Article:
ACT Health is attempting to trace suburban bus passengers who may have been in contact with a confirmed case of COVID-19 last week and is asking for public assistance.
Seven new cases of coronavirus have been announced in the Territory this afternoon. The new cases include two males and five females, aged between 21 and 75.
ACT Health says that the seven new cases are all linked to overseas travel and contact tracing is taking place. Flight details will be uploaded to the ACT Health website.
But health officials are also trying to trace passengers on a bus last Tuesday when a previously confirmed case caught the number 31 bus from Dickson Interchange to Kaleen.
When asked whether this was the Lyneham High student who tested positive, Acting Director Communicable Disease Control Section of ACT Health Dr Vanessa Johnston said she could not comment on individual cases but number 31 left Dickson about 3:50 pm on Tuesday, 17 March. This bus was scheduled to leave Dickson interchange at 3:33 pm but was running late and departed at 3:50 pm.
Passengers who were on this bus should self-quarantine until 31 March and contact the Communicable Disease Control Section of ACT Health on 5124 9213 for more information.
Dr Johnston said ACT Health was advised of the confirmed case’s bus travel yesterday afternoon.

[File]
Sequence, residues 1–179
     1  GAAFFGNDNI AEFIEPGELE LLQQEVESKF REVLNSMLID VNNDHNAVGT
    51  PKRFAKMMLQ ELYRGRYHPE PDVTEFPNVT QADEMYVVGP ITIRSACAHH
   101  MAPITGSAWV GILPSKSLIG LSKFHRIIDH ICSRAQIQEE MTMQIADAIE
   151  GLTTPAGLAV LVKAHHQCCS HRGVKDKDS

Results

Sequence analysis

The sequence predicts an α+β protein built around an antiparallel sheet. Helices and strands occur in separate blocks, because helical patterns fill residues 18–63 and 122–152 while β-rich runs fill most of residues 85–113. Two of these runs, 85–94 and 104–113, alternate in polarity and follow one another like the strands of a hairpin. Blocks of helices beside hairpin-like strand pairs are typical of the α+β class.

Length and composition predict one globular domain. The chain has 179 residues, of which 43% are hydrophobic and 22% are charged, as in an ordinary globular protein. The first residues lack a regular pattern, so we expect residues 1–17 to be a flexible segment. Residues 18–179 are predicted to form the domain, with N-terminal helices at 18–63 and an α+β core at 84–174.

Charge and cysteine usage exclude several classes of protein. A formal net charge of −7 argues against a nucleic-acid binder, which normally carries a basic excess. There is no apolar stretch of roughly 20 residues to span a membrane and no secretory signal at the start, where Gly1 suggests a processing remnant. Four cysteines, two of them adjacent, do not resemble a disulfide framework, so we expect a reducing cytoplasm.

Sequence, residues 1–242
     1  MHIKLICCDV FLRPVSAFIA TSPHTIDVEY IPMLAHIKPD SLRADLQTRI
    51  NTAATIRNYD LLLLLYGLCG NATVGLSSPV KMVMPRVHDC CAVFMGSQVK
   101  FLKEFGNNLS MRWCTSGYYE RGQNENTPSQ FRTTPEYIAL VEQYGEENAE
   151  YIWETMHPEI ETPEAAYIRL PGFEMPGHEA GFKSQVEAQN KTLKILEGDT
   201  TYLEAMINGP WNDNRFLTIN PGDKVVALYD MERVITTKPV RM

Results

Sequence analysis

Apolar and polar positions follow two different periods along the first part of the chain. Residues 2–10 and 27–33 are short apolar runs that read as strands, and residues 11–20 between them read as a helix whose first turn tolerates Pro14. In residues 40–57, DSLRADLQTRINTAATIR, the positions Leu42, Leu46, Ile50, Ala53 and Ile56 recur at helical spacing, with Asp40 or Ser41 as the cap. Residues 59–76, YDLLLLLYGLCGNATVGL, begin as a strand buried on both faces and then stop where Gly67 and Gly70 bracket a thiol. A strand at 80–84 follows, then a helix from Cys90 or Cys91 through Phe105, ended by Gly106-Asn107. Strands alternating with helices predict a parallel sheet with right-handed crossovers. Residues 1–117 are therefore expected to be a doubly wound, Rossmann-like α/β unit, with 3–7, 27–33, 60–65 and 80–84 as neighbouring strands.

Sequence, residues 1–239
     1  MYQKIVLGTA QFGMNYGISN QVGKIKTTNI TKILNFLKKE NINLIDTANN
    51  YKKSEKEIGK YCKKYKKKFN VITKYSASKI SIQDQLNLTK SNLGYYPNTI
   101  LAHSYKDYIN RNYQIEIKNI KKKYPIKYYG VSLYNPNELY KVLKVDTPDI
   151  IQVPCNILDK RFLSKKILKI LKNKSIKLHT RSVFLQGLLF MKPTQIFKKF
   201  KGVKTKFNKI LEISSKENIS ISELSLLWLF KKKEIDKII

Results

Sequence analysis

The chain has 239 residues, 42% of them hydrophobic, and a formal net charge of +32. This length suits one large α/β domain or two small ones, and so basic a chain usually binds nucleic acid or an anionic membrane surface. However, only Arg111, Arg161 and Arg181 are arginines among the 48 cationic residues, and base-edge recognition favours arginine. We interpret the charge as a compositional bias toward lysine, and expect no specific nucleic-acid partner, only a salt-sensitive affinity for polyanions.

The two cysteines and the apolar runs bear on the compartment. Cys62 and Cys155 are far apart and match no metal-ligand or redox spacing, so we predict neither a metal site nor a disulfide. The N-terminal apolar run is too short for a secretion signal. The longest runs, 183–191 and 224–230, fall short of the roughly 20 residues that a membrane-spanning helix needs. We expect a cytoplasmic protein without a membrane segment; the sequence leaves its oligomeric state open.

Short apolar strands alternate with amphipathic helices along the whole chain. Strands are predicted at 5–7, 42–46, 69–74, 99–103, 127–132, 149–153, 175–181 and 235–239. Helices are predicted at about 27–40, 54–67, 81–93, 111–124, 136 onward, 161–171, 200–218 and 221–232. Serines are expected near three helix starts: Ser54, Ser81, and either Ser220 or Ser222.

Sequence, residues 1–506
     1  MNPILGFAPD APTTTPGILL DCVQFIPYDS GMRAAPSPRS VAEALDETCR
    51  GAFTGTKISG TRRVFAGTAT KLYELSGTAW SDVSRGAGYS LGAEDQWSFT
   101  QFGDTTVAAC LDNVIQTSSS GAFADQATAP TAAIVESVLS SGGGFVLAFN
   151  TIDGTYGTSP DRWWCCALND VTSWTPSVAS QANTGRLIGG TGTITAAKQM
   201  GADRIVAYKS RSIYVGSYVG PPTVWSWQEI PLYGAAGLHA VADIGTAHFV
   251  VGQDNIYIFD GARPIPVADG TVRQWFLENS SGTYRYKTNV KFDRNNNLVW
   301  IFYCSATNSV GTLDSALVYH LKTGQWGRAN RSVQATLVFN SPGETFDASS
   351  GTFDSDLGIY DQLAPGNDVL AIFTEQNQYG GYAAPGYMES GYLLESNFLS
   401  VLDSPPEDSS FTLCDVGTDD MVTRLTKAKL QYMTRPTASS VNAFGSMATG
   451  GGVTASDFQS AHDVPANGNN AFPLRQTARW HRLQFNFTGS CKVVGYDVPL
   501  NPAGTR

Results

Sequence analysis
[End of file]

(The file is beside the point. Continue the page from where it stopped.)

She said there was still no evidence of community transmission in the ACT.
There have been 2780 negative COVID-19 tests in the ACT to date. There are currently three COVID-19 patients in a stable condition in Canberra hospitals. The rest are isolating at home with ACT Health support.
At least one of them is a passenger from another cruise ship other than the Ruby Princess.
Health Minister Rachel Stephen-Smith said the ACT would not be stopping travellers from overseas returning to the ACT.
“That’s part of our responsibility, to ensure our residents and citizens who are part of our community can can come home if they’ve been overseas,” she said.
“We would not be requiring people to stay in Sydney or Melbourne, whatever the port of arrival is, and not be able to come home to Canberra.
“And we certainly wouldn’t be doing that just for the reason that we don’t want to have someone in the ACT in self-quarantine who comes back.”
Ms Stephen-Smith said the number of close contacts of those cases had been very small.
The Minister also flagged cuts to elective surgeries to free up hospital capacity along the lines being announced elsewhere.
“Around the country, jurisdictions have moved to reduce the number of category 2 and 3 elective surgeries in order to create capacity within their hospital systems, but also to enable staff to prepare for what could be a very significant impact if we start to see widespread community transmission of COVID-19 in Australia.
“We are moving in that direction,” she said, saying patients could expect to be contacted in coming days.